Policy considerations in Regional Trade Agreements (RTAs) Joint Conference Parliamentary Assembly of the Mediterranean (PAM) and the United Nations Trade and Productive Capacity Cluster Palais des Nations, Geneva, 4-5 May 2011 Presentation by: Kheireddine Ramoul, UNCTAD
Presentation outline • Introduction; • Systemic implications of the interface between RTAs and MTS; • RTAs in the Mediterranean region; • The Euro-Mediterranean Association Agreements; • The Greater Arab Free Trade Area (GAFTA); • Comparing Intra-RTAs in the Med-region; • RTAs and MTS the need for Convergence
Introduction • With the conclusion of the Uruguay Round (UR) there was an expectation that exceptions to multilateralism, such as regional trade agreements (RTAs), even though legally covered by the WTO under certain conditions, would either become less of an alternative policy option for countries or will need to be adapted and conducted to form building blocks for the new multilateralism pursued under the auspices of the WTO.
Systemic implications of the interface between RTAs and MTS • The debate on the interrelationship between MTS and RTAs is long-standing and well documented. It mainly pertains to the following two broad issues: • (i) relative welfare effects of non-preferential across-the-board (MFN) liberalization versus preferential liberalization; and • (ii) the political economy implications of RTAs for MTS, as well as those of MTS for RTAs.
Cont’d • While the first question asks which approaches to trade liberalization are superior in terms of trade and welfare gains for the members of RTAs, third countries and the world as a whole, the second question seeks to ascertain the systemic implications of RTAs for the MTS in general and multilateral trade negotiations in particular, i.e. whether regional integration constitutes a building block or stumbling block to multilateral trade liberalization and a more open and liberal multilateral trading system.
Cont’d • it is well documented that regional integration may increase the level of trade between members at the expense of less efficient domestic producers (“trade creation”) or of more efficient third countries (“trade diversion”) under perfect competition; • This depends on a variety of assumptions and conditions, including complementarities of production structure among RTA partners and initial level of trade barriers;
Cont’d • With regard to the political economic implications of RTAs vis-à-vis the MTS, various arguments have been advanced, both in favour of and against regionalism. On the positive side, RTAs enable participating countries to move closer and quicker to freer trade with stronger disciplines over a wider range of goods and services than could be attained at the multilateral level. RTAs could also act as laboratories for testing approaches to new issues.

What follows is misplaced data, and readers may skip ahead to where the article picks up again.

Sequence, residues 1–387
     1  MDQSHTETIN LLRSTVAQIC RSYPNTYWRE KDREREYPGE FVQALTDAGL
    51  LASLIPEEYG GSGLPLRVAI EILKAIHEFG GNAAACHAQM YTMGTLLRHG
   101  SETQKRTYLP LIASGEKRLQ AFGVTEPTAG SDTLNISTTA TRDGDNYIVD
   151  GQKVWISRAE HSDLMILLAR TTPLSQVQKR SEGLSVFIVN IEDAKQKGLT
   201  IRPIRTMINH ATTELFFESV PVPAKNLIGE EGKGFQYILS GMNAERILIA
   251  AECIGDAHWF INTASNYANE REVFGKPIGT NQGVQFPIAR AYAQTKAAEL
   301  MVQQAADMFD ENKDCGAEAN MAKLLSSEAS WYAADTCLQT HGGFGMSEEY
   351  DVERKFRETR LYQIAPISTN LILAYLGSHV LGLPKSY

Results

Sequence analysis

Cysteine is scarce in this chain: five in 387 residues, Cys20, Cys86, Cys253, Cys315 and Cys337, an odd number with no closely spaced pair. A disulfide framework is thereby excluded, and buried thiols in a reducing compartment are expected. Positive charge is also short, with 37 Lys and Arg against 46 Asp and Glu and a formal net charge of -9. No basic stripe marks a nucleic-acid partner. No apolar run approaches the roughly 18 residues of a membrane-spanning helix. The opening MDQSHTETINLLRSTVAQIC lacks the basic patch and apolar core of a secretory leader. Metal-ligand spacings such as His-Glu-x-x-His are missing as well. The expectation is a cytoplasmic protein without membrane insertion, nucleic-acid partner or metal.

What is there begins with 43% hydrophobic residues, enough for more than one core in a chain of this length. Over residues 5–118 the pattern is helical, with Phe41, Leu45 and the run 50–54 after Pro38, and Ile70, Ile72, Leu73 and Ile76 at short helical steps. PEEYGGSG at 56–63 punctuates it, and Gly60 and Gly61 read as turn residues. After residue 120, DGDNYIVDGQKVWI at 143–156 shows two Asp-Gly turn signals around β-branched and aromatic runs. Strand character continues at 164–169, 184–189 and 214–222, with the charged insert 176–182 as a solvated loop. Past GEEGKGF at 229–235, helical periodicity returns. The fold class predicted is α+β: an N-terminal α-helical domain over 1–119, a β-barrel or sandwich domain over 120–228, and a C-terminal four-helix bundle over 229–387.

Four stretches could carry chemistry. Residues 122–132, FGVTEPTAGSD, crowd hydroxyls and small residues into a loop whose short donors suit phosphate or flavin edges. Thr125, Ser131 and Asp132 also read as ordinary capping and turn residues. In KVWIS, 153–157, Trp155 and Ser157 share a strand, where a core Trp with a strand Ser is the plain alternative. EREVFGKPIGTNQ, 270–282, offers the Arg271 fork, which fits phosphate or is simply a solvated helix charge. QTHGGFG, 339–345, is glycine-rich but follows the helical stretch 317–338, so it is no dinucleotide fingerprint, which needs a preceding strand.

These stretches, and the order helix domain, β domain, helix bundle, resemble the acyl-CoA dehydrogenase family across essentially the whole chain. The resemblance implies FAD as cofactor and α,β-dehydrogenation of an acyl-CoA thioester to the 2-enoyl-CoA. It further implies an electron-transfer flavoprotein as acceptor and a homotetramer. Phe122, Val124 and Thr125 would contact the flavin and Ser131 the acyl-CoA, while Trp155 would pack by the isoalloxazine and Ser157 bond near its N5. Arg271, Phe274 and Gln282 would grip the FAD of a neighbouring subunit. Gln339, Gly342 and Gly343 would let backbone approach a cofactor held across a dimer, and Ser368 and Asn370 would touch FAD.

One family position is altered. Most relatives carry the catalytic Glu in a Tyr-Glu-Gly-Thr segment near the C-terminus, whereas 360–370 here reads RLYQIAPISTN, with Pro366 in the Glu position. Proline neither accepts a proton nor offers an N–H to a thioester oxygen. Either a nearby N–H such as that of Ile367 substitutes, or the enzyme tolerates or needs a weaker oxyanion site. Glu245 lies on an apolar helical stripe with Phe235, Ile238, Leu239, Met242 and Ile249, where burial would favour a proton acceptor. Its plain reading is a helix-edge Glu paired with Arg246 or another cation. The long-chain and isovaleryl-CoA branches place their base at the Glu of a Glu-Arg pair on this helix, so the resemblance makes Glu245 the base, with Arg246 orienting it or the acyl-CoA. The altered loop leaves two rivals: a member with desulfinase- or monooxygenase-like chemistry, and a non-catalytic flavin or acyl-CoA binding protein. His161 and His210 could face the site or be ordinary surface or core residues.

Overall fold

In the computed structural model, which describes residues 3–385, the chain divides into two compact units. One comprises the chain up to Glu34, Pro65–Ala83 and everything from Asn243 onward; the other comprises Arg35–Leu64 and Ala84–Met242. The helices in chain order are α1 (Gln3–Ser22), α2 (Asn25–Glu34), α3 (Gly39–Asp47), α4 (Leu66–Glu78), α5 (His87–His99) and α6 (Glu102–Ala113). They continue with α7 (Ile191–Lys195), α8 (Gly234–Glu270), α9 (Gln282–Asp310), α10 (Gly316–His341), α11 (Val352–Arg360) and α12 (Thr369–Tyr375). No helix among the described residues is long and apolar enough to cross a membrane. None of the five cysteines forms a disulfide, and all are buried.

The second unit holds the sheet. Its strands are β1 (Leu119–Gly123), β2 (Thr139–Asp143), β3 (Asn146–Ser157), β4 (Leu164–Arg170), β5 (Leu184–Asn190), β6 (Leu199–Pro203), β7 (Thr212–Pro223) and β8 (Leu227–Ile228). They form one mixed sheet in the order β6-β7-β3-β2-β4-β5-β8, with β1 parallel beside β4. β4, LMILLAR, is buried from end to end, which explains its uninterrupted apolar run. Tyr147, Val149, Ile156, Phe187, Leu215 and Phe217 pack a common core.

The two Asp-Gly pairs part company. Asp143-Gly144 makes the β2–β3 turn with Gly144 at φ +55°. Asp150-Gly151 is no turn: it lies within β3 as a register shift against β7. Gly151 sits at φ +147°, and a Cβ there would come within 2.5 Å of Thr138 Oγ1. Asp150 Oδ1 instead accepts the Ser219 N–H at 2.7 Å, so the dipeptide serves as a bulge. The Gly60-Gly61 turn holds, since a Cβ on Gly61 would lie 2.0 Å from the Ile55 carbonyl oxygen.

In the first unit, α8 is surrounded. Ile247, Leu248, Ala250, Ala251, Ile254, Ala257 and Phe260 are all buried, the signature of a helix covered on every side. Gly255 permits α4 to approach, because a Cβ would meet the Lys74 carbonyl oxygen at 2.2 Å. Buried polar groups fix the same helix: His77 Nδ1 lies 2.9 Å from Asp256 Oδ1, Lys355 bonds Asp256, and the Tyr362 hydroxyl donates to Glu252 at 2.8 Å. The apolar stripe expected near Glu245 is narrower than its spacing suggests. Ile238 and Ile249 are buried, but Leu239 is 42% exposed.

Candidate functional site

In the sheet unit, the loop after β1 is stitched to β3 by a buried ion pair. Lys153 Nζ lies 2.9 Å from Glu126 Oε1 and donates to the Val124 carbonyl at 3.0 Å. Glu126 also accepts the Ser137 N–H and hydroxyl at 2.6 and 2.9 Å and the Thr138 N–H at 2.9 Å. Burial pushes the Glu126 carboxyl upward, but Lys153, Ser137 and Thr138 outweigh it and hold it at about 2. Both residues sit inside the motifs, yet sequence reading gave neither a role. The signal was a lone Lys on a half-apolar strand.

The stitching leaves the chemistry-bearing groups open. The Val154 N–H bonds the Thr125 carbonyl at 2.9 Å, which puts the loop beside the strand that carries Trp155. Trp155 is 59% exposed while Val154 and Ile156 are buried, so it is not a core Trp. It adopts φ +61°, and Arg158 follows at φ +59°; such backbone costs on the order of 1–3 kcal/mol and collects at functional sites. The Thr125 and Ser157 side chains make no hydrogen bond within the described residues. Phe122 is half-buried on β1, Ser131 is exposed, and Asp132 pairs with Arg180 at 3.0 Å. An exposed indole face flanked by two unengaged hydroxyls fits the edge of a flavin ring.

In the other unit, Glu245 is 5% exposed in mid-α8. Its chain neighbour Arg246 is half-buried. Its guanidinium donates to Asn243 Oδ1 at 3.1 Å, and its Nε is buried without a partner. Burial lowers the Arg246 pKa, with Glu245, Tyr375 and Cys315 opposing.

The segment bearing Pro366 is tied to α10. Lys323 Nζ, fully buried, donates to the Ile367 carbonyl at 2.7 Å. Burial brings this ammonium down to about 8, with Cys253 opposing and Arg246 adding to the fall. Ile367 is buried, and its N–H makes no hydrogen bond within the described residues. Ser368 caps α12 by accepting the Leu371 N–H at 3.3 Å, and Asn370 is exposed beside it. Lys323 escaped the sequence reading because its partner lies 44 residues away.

Cont’d • Faster and deeper integration, new-generation RTAs may reduce incentives for multilateral approach to trade liberalization in particular, in areas of MA and standard-setting in new issues (IPR, investment or competition policy), such “WTO-plus” (or “WTO-minus” in the sense that developing countries would loose part of their policy space and enjoy a lesser degree of flexibility under these RTAs than under WTO); • RTAs can act as negotiating forums virtually substituting for the WTO, thereby leading to “forum shopping”, and posing a systemic risk to the viability of the MTS. The proliferation of RTAs, with more and more countries being members of several RTAs at the same time, could create competing and possibly antagonistic blocs that would erode the viability of the MTS.
Cont’d • Furthermore, in the context of multilateral trade talks North-South RTAs may serve as negotiating leverage; • Bilateral RTAs negotiated and concluded at a time when multilateral trade negotiations are underway may constrain solidarity between developing countries and affect their ability, to act collectively at the multilateral level, and thereby weaken their bargaining position.
Cont’d • The emerging pattern of regional agreements raises a major policy issue for governments in the Med- region about the coherence of these numerous regional agreements with one another and with the multilateral liberalization process within the WTO. • The challenge facing most of countries in the south of the Mediterranean is to design and implement an appropriate and strategic pacing and sequencing of national, regional and multilateral trade liberalization; • The coherence between multilateralism and regionalism becomes an opportunity and challenge for these countries in the context of an ever evolving international trading system.
Cont’d • Challenge:simultaneous participation by countries in a web of RTAs while also engaging in the MTS including in particular accession to the WTO , both of which have overlapping agendas & commitments, could affect sensitive development policies and overloads the limited negotiating capacities of Mediterranean developing countries & countries with economy in transition (Algeria, Bosnia, Libya, Lebanon, Montenegro, Palestine, Serbia, Syria).